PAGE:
Photocells (also called photoresistors or photoconductors) are sensors that vary resistance depending on the amount of light they receive. Photocells are commonly used in line-following and light-seeking robots.
All of the different types of photoresistors from the first grab bag.
And, yes, they’re photographed on my wife’s “good” pillowcase.
In September 2000, I purchased “100 asst. sizes and values photocells", part number 169578 or 169578CE, cross reference number GB125, from Jameco Electronics for $6.95 for use as robot sensors. The grab bag consists of a variety of cadmium-sulfide photoresistors.
In May 2002, I purchased two more of the same bag, but the price had increased to $7.95. In April 2004, the price had gone up to $12.95. In August 2008, Tuomo Tanskanen alerted me that the price is now $19.95. In August 2009, I noticed that the price is now $21.95. (Goodness! What’s with that???)
Unfortunately, although the current bags have the same cross reference number and base part number as the previous bags, these new bags only contain the smallest-size photoresistors. So, I no longer recommend the Jameco grab bag if you want medium, large, or hermetic (sealed in a metal case) photoresistors.
In March/April 2006, I purchased five bags of “Giant CDS Cell Assortment”, part number G14025, from Electronic Goldmine for $3.00 each. Each bag contained 20 photocells of assorted sizes and values. The total cost was $15.00 for 100 photoresistors. That is less expensive than the current Jameco bag of 100, and the Electronic Goldmine assortment has a variety of sizes and styles, and can be purchased in lots of 20 photoresistors for only $3.
My expectations are pretty low for grab bags and I could have ordered specific individual CdS photoresistors if I had really wanted. But, I wanted as many varieties and as much experience as I could get for robotic experiments, such a line-following and floor reflectivity sensing.
Here’s what I received; your bag may vary:
(Minus sign in quantity columns indicates number of defective)
|Image||Description||Dimensions||Quantity in Jameco 2000 Bag||Quantity in Jameco 2002a Bag||Quantity in Jameco 2002b Bag||Quantity in five Goldmine 2006 Bags||Image of Defective|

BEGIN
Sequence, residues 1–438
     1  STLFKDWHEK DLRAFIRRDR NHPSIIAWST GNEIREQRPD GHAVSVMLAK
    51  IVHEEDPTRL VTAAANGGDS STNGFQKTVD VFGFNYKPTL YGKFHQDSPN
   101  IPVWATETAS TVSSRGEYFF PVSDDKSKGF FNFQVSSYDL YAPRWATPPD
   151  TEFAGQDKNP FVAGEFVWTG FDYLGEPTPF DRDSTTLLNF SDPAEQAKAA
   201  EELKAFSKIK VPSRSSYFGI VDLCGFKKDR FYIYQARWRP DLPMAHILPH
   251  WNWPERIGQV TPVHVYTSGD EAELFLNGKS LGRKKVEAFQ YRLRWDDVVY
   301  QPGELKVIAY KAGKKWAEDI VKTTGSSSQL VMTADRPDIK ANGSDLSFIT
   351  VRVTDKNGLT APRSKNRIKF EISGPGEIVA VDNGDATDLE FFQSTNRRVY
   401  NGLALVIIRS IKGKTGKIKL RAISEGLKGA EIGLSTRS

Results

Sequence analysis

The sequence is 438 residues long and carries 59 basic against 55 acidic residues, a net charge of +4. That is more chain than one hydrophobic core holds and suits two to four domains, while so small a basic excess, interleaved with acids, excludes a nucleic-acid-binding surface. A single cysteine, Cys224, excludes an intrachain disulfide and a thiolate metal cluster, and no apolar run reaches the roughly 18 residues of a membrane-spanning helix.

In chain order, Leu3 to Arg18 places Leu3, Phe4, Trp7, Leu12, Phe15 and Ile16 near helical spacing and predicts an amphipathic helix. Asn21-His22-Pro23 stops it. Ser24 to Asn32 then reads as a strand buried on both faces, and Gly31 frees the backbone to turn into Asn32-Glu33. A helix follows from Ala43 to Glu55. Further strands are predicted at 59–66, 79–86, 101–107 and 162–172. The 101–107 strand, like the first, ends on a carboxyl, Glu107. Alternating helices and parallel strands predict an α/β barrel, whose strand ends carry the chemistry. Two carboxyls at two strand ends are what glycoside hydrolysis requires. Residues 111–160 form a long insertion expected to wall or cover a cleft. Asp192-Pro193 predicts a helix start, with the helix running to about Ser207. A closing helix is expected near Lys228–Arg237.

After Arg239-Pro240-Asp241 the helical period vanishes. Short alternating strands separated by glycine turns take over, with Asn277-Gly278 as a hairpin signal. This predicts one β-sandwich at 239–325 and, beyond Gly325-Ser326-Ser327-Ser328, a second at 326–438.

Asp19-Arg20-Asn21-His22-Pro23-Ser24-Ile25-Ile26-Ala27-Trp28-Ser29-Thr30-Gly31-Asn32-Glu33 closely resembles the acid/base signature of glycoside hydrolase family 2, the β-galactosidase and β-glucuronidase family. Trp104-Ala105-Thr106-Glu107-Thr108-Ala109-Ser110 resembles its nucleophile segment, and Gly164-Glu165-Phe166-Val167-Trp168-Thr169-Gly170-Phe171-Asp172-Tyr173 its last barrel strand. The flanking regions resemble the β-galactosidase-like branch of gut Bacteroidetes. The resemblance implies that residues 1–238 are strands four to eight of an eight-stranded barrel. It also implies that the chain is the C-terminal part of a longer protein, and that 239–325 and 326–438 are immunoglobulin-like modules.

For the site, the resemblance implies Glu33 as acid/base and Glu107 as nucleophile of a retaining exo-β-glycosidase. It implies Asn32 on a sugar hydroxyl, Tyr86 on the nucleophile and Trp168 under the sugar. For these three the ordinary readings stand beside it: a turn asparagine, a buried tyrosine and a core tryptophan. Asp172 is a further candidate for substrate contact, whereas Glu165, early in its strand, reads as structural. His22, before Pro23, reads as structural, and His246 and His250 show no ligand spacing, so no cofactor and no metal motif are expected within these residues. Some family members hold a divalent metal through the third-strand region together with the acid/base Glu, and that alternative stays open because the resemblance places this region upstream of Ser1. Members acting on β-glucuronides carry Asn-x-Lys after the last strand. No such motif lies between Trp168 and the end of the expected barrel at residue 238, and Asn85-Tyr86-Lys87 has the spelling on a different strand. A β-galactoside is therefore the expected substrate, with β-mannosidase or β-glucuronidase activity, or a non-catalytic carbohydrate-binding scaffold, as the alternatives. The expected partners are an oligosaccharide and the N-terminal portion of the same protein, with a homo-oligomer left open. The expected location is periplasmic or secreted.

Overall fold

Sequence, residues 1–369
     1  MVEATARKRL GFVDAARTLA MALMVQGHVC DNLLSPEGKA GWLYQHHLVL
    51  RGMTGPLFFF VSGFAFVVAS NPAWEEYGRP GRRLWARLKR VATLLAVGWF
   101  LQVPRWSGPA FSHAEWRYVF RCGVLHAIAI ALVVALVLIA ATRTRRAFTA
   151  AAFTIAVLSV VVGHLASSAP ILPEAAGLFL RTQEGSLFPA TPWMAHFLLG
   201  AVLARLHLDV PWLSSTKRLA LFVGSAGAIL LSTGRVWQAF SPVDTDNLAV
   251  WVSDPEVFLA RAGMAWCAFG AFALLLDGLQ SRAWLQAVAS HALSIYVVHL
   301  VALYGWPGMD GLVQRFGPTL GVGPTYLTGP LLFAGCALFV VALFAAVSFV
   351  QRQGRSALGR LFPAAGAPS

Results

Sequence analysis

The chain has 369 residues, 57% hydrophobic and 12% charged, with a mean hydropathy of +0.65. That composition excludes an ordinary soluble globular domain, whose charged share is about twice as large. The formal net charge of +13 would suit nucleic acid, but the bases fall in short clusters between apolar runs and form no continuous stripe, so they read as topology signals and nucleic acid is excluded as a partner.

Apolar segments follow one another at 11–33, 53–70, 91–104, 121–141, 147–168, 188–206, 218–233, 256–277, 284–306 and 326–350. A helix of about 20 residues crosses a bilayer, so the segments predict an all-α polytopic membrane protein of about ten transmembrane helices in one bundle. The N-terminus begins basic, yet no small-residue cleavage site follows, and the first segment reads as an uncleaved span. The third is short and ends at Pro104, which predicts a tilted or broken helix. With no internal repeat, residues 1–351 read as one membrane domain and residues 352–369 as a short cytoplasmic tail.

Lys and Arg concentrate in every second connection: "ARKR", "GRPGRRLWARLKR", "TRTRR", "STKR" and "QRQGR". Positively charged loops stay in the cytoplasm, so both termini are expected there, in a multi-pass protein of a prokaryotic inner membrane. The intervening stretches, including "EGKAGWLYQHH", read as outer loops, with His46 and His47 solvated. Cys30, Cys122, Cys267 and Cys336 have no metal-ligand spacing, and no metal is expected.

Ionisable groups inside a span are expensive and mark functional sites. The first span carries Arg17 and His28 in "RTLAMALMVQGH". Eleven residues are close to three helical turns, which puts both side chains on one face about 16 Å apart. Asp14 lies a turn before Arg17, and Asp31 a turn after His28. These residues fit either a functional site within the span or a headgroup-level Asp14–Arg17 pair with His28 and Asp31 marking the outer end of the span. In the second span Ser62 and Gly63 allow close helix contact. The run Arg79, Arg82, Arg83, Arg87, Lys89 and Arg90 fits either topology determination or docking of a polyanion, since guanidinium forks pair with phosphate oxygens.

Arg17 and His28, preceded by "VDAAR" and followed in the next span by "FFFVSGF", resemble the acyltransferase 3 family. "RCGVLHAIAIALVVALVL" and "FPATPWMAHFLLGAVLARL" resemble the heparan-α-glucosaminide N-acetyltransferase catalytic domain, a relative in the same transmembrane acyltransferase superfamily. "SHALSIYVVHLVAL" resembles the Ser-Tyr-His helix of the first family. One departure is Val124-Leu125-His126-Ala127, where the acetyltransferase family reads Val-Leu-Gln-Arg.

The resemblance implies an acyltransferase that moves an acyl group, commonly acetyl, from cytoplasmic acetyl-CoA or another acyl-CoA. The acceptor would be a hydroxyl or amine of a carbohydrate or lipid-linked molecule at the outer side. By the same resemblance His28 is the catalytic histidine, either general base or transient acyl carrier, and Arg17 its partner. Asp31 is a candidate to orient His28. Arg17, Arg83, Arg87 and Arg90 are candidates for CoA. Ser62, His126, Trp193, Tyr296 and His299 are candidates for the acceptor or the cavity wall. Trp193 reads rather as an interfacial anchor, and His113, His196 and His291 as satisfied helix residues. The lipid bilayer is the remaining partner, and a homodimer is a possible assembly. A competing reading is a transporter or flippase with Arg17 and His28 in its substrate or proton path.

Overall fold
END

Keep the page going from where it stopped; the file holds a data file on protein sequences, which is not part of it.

|Huge photoresistor, 17 curves||22 mm x 25.5 mm||20 - 0||20 - 0||20 - 1||9 - 0|
|Large hermetic photoresistor, 12 curves||12.34 mm||0 - 0||0 - 0||0 - 0||16 - 0|
|Large hermetic photoresistor, very curvy||12.34 mm||0 - 0||0 - 0||0 - 0||1 - 0|
|Large photoresistor, 27 curves||10 mm x 11 mm||20 - 7||20 - 2||20 - 3||0 - 0|
|Large photoresistor, 16 curves||10 mm x 11 mm||0 - 0||0 - 0||0 - 0||24 - 0|
|Medium photoresistor, 12 curves||6.3 mm x 7.3 mm||0 - 0||19 - 0||15 - 0||4 - 0|
|Medium thick photoresistor, 9 curves||6.3 mm x 7.3 mm||16 - 0||1 - 0||5 - 0||7 - 0|
|Medium photoresistor, 9 curves||6.3 mm x 7.3 mm||16 - 0||1 - 0||5 - 0||6 - 0|
|Medium photoresistor, straight line||6.3 mm x 7.3 mm||0 - 0||0 - 0||0 - 0||1 - 0|
|Small photoresistor, hermetic, 15 curves||5 mm||0 - 0||0 - 0||1 - 0||0 - 0|
|Small photoresistor, hermetic, 11 curves||5 mm||0 - 0||11 - 2||7 - 3||1 - 0|
|Small photoresistor, orange, 11 curves||3.9 mm x 4.2 mm||22 - 1||12 - 0||11 - 4||11 - 2|
|Small photoresistor, brown, 11 curves||3.9 mm x 4.2 mm||5 - 2||2 - 0||0 - 0||6 - 1|
|Small photoresistor, 9 curves||3.9 mm x 4.2 mm||2 - 0||0 - 0||0 - 0||3 - 0|
|Small photoresistor, hermetic, 8 curves||5 mm||0 - 0||8 - 0||8 - 0||6 - 0|
|Small photoresistor, orange, 8 curves||3.9 mm x 4.2 mm||3 - 0||5 - 1||8 - 0||0 - 0|
|Small photoresistor, black, 8 curves||3.9 mm x 4.2 mm||7 - 0||1 - 0||1 - 0||0 - 0|
|Small photoresistor, hermetic, cross||5 mm||0 - 0||0 - 0||0 - 0||3 - 0|